: Global shares slid and the dollar rose on Thursday on investor concern about another economic hit from the coronavirus
pandemic. The MSCI World index slipped 0.6 per cent, its fifth day in the red out of the last six, and hovering near a two-month low. Asia-Pacific shares outside Japan fell 1.93 per cent, chalking up their worst day in two months after economic warnings from US Federal Reserve (US Fed) officials. In Europe, the STOXX Europe 600 was down 1 per cent.
After a summer lull in much of Europe and the UK, the infection rate has begun to rise sharply, with a number of countries including Britain introducing tougher rules to help limit the spread of the virus, Reuters reported.
: Volatility index – India VIX – jumped 12 per cent in the intra-day trade to hit a high of 23.5 level on the last day of Futures and Options (F&O) expiry for the September series. Rollover in Nifty and Nifty Bank stood at 54 per cent and 58 per cent, respectively on Wednesday, as per reports. In index options front, there was a fresh build-up in 11,100-11,300 strikes; whereas, 10,950-11,100 put options added fresh positions, rollover data show.
The markets, according to analysts at Geojit Financial Services, entered the final expiry day with Nifty having seen the lowest rollover in the last six months at 53.82 per cent. Bank Nifty rollover at 57.86 per cent, however, was above last month’s rollover at a similar stage.
Sell off in heavy-weights: Index heavy-weights like Infosys, Reliance Industries (RIL), TCS, ICICI Bank, HDFC Bank, Bajaj Finance, HDFC and ITC contributed the most towards Sensex’s fall. Infosys, RIL, TCS, and ICICI Bank each contributed over 100 points towards the slide. Information Technology (IT) stocks were the biggest losers on the NSE today with the Nifty IT index sinking 4.5 per cent as investors booked profit after a sharp rally in the current financial year.
Add to it, financial stocks such as IndusInd Bank, RBL bank, ICICI Bank, and State Bank of India (SBI) tanked up to 7 per cent after global rating agency S&P cautioned that the banking systems in emerging markets like India, Mexico, and South Africa will be slower to recover to 2019 levels and it will happen only beyond 2023. READ MORE
Lockdown fears resurface
: Prime Minister Boris Johnson has announced a slew of coronavirus
restrictions for England in the wake of a fresh spike in the number of Covid-19 infections. These new measures may last for six months, if there is no improvement in the pandemic situation, Boris Johnson told UK Parliament on September 22. Investors fear that more such restrictions could be put in place across major global economies as the cases continue to rise.
Meanwhile, India on Wednesday recorded 89,688 coronavirus
cases, taking its total caseload to 5,730,184. Prime Minister Narendra Modi chaired a high-level virtual meeting with chief ministers and health ministers of Maharashtra, Andhra Pradesh, Karnataka, Uttar Pradesh, Tamil Nadu, Delhi and Punjab on Wednesday and asked states to reassess if lockdowns of one or two days are effective in containing Covid-19.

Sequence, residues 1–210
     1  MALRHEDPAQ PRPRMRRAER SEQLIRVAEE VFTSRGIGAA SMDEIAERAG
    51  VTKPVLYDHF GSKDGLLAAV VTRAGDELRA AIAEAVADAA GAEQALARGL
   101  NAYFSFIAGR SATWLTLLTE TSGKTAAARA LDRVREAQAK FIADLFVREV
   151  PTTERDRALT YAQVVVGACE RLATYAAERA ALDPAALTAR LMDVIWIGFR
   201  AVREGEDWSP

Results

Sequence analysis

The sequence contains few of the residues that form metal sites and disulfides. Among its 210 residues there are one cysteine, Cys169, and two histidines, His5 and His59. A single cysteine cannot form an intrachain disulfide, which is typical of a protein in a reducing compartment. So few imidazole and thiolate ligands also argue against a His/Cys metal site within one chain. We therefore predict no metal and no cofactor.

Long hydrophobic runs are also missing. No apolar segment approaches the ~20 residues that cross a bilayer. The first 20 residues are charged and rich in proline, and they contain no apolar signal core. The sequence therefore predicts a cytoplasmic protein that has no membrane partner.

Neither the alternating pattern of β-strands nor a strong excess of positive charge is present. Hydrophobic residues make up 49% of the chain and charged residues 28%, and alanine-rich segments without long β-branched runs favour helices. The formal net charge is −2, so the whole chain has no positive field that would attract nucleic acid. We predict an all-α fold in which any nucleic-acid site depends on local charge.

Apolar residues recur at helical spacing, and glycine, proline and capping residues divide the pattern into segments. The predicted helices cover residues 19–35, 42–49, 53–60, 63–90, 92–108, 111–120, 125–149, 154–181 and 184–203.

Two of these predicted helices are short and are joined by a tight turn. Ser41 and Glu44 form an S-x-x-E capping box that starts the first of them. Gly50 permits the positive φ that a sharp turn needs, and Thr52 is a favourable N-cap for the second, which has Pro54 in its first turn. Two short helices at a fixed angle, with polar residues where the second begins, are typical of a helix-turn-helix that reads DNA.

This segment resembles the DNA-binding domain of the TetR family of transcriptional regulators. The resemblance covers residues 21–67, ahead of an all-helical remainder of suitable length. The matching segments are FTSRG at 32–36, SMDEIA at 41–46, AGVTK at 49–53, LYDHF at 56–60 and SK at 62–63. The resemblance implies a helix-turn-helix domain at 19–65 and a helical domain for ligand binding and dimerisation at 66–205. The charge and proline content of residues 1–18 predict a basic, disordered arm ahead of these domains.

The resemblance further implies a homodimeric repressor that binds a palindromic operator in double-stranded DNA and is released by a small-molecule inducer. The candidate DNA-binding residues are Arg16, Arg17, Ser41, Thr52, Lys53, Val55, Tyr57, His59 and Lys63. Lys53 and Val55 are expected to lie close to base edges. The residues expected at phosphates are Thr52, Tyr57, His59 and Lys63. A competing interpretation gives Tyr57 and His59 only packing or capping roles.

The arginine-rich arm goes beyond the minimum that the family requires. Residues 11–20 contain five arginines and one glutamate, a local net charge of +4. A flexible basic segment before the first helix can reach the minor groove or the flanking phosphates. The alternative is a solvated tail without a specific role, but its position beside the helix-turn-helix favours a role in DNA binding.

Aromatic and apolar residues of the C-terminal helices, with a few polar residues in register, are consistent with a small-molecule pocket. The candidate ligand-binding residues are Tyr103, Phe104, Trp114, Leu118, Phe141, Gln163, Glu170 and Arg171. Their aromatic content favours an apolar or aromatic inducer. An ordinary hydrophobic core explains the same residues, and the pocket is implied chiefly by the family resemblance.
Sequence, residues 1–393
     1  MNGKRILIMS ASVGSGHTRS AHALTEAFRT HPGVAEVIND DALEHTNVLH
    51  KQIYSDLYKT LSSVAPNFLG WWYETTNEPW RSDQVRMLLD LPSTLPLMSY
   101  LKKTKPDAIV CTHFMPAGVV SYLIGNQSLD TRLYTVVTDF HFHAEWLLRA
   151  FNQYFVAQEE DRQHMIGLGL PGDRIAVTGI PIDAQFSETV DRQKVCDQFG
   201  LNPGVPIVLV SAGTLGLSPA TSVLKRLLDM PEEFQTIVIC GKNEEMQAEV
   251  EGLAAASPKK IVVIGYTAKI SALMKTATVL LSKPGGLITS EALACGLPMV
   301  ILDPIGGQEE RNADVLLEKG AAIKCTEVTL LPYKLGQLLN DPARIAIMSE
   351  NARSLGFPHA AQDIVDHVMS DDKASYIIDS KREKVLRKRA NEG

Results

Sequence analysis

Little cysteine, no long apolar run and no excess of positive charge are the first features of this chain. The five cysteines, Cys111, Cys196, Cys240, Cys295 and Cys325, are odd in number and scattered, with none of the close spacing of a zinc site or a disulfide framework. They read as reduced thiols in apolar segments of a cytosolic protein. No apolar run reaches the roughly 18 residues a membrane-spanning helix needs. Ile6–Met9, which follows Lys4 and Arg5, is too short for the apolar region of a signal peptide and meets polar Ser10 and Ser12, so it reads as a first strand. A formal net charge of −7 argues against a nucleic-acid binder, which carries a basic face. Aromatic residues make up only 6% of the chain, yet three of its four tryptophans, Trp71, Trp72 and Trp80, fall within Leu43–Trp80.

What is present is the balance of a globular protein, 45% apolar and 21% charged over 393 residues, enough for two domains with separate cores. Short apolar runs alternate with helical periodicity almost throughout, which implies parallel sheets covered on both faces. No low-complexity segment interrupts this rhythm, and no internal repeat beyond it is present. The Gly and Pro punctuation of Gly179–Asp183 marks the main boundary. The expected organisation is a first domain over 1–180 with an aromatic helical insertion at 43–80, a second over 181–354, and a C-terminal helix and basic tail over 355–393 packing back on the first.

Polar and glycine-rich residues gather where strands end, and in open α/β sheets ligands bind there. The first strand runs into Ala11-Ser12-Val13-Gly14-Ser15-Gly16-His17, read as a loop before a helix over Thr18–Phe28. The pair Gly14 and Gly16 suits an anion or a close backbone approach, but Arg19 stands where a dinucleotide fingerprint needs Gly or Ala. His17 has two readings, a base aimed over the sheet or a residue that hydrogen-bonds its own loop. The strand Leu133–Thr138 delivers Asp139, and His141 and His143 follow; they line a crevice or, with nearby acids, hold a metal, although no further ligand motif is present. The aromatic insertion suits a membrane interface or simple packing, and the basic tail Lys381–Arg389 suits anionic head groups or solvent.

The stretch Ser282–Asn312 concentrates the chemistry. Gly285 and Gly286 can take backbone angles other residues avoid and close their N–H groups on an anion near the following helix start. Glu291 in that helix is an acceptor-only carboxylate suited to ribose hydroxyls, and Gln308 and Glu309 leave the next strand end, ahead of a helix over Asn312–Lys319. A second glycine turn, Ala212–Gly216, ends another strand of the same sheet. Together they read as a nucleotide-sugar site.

“It is possible that we may see more corrections. Scotland and the UK have said they are contemplating a lockdown. Fears that more economies may close down is creating more nervousness in the market. All this is collectively bothering the market, which is on the lookout for reasons to correct,” said Abhimanyu Sofat, head of research at IIFL Securities in a note.
Adding: “If we see markets weakening further, it could add more jitters. I see strong support at 10,800 if the market were to weaken from here. Cyclicals will be hammered further. People have stocked up on defensive stocks, and that pack which has stayed resilient, may also feel the heat. Stability in the global markets could be the only savior right now.”
Pace of economic recovery: Investors fretted over recovery in the Indian economy after a finance ministry official said that the government was reassessing its earlier optimism about a V-shaped economic recovery as people are spending less owing to extreme uncertainty induced by the Covid-19 pandemic.
Most ratings agencies have revised further downwards their projections for India’s gross domestic product (GDP) for 2020-21 since the government released the data for the first quarter, which showed the biggest contraction of 24 per cent on record. READ MORE
Business Standard has always strived hard to provide up-to-date information and commentary on developments that are of interest to you and have wider political and economic implications for the country and the world. Your encouragement and constant feedback on how to improve our offering have only made our resolve and commitment to these ideals stronger. Even during these difficult times arising out of Covid-19, we continue to remain committed to keeping you informed and updated with credible news, authoritative views and incisive commentary on topical issues of relevance.
We, however, have a request.
As we battle the economic impact of the pandemic, we need your support even more, so that we can continue to offer you more quality content. Our subscription model has seen an encouraging response from many of you, who have subscribed to our online content. More subscription to our online content can only help us achieve the goals of offering you even better and more relevant content. We believe in free, fair and credible journalism. Your support through more subscriptions can help us practise the journalism to which we are committed.
Support quality journalism and subscribe to Business Standard.